Spanish Property Buying Process

The property buying process in Spain is well defined, regulated and fairly straightforward. However, there are a lot of differences between the UK and Spain not least the language so we always recommend using bilingual experts throughout the process.

One of the first jobs to sort is a National Identity Number (NIE) and a local bank account. This can be sorted on a viewing trip but we can also support setting up these aspects via a local Gestor if it needs to be done remotely.

At this stage, we also recommend appointing an independent locally-registered bilingual solicitor to act on your behalf. This is a critical role and we would be happy to recommend appropriate experts to act on your behalf.

If finance is required, we suggest that a lending-in-principle decision is obtained. This will prevent problems later and will help with negotiations with the seller.

Depending on whether there is a mortgage involved, timescales tend to vary between one and three months for completion. Property taxes and costs are heavier in Spain than the UK and it would be prudent to budget approximately 15% of the purchase price in expenses, taxes and charges.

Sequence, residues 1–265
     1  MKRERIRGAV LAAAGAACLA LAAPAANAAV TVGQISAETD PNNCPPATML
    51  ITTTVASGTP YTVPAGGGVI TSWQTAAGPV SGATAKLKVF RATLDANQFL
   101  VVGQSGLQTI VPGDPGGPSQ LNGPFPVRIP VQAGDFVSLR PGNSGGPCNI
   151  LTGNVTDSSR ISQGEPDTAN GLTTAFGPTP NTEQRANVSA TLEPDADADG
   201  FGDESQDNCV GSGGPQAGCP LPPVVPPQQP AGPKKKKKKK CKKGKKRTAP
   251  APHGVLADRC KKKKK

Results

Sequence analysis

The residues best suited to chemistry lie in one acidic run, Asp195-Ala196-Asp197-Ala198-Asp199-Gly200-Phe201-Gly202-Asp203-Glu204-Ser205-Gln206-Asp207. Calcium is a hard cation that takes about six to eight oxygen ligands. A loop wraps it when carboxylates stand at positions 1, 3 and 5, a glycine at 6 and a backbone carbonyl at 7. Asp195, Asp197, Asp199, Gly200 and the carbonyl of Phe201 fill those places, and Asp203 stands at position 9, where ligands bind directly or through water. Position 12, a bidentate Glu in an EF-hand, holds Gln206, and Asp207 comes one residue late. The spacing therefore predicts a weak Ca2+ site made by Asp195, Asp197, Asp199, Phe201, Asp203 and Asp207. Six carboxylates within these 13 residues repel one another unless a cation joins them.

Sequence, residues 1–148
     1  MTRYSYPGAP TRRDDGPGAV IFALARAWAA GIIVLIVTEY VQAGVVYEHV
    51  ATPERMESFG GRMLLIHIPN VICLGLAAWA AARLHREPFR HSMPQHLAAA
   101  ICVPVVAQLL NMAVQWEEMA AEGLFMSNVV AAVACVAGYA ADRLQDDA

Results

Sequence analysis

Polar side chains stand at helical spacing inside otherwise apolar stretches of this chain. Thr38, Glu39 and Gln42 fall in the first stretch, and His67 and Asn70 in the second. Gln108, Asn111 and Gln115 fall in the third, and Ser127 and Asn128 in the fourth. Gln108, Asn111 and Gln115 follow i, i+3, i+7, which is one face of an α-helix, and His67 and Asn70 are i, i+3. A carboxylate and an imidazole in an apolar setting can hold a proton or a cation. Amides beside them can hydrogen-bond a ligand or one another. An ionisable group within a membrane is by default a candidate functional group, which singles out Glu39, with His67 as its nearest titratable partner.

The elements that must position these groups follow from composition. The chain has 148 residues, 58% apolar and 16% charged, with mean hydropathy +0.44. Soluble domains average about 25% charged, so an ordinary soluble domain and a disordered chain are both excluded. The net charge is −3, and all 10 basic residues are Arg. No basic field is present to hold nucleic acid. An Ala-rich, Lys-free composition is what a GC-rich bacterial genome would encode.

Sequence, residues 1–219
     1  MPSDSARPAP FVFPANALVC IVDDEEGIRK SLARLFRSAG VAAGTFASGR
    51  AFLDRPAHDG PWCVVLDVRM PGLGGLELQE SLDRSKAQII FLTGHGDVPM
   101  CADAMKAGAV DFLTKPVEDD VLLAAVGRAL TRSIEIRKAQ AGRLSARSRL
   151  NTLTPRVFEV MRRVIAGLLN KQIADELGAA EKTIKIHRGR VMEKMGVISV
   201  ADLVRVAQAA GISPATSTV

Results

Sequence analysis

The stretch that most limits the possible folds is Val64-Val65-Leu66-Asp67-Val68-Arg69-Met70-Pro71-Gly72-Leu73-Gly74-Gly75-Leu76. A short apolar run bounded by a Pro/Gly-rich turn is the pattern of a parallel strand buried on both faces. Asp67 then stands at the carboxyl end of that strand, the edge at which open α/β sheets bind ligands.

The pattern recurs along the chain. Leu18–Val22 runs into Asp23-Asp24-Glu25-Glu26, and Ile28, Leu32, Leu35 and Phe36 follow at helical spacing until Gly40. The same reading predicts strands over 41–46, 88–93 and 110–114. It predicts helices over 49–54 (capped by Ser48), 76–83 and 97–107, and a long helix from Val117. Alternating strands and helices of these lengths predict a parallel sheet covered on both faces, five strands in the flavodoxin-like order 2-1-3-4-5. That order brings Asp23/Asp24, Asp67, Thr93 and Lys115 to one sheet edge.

Once your ideal property has been found and a price agreed, the buying process can be split into three broad stages.

The first is signing the Reservation Agreement and payment of a deposit typically between €3,000 and €10,000. It is important to get this agreement validated by your lawyer to check there is no commitment and you should be able to receive the deposit back if there are problems such as finance or surveys. Once agreed, this deposit will take the property off the market for a period of between 15 and 30 days.

The next stage is to agree the Preliminary Sales Agreement (‘Arras’). This needs to be completed before the reservation period expires. This agreement specifies the sales terms such as the price and exact property details to be sold. Once this is signed, the deposit will be lost if you need to withdraw. If the sellers withdraw after this point, they have to pay the same amount to the buyers as penalty.

During this period, it is important to ensure all necessary funding is available locally. We always recommend using a currency exchange specialist which typically provide rates 4-5% better than your high street bank.

The final stage is signing of the sales contract (‘Escritura’). This is done in the presence of a Notary and marks the formal handover of the property. The Notary is a Government appointed official to ensure the correct taxes have been paid, the contract terms are legal and to publicly witness transfer of the property.

Our industry body, the Association of International Property Professionals has produced an excellent guide to buying a property in Spain which is available here.

Also available, is a Glossary of common terms encountered when buying property in Spain.

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